Yes…. but what and where are workable solutions that protect us from the same old-same old, that puts Tourists 1ST? Mine?.. I can only praise your work- Keep it up-

    but to bitch is easy- we need Jane Jacobs basics/CS (common sense) ASAP!!!! or it’s Uber/Urban Experts who will “Reform” us and Make It White (ooops, sorry to Mr. Pitt) Exploit Us Right.
    Or we ignore all- like we do to the rewards of real estate agents and on the thousands++++ of illegal https://www.airbnb.com- rentals and become a true Boutique Destination- where locals serve vegan gumbo to survive.
    Best from 5510 Freret-

    p.s. There is some good “Market Urbanism” lip-service here-

  8. Cab service in New Orleans is absolutely abysmal. I couldn’t even describe more eloquently than N’awlins Cab themselves why it is so terrible: http://nawlinscab.com/arrival

    ^^That’s a 13 bullet point rage at the customer on why it’s our fault that cabs aren’t dependable. The opening line says it best: “The biggest misnomer by the public is that ordering a cab is a guarantee of service.”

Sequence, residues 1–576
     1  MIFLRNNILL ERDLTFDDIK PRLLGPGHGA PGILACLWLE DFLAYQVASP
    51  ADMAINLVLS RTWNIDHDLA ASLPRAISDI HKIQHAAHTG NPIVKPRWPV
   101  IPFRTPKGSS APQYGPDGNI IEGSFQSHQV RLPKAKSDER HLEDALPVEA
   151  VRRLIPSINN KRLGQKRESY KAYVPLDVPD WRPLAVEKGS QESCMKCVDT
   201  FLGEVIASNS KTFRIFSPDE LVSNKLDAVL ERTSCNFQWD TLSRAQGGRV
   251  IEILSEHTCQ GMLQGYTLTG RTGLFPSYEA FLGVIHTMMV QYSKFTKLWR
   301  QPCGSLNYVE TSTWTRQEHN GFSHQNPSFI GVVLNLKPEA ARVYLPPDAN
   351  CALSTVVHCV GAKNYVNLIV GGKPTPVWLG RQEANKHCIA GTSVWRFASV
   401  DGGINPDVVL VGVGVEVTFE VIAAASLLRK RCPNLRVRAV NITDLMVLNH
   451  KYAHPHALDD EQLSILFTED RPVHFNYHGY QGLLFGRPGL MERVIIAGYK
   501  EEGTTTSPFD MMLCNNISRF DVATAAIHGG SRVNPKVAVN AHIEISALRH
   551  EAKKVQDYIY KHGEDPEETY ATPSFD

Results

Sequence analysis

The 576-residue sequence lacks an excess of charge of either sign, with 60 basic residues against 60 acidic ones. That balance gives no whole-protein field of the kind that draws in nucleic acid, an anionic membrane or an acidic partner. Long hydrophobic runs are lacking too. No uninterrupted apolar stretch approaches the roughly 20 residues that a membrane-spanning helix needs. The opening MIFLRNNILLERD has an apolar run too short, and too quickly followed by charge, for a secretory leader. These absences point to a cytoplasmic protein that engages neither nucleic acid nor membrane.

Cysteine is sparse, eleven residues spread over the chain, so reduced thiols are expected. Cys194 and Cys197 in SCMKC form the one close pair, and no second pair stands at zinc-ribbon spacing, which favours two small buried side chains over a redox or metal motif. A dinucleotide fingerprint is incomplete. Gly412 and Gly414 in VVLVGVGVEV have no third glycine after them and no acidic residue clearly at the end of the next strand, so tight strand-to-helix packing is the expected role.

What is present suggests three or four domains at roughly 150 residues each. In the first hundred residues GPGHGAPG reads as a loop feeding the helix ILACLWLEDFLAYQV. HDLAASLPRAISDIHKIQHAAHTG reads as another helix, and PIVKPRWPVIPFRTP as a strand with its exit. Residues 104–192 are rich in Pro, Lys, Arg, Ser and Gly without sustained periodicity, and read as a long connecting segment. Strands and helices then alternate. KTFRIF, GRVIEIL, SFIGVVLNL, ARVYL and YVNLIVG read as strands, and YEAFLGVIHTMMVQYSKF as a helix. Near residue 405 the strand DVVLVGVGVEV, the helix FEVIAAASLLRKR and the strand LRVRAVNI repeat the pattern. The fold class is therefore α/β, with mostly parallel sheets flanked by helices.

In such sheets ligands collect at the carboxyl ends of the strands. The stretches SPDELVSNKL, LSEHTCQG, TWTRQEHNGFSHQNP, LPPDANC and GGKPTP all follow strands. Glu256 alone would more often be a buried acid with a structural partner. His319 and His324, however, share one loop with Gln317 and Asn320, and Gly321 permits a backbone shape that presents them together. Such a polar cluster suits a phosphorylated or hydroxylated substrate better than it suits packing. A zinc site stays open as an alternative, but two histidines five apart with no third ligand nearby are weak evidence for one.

What a nightmare. With the crime as bad as it is today in New Orleans, its critical for people to be able to get around the city in a safe way. And sitting on street corner alone for 45 minutes waiting for a cab that’s not guaranteed to come get you is not the answer, even if N’awlins Cab says it is.

    T75- you must not be familiar with Uber. I’ve lived in 4 other cities and used it consistently over the last 5 years. It takes the experience of getting a cab from where it is today-worse than dealing with your cable company– to more like the experience you have in dealing with Amazon.com. It’s mindblowing how fast and reliable and pleasant it is every single time.

    The people of New Orleans deserve better than this, and the free market will 100% take care of it, if we let them.

Leave a Reply

Your email address will not be published.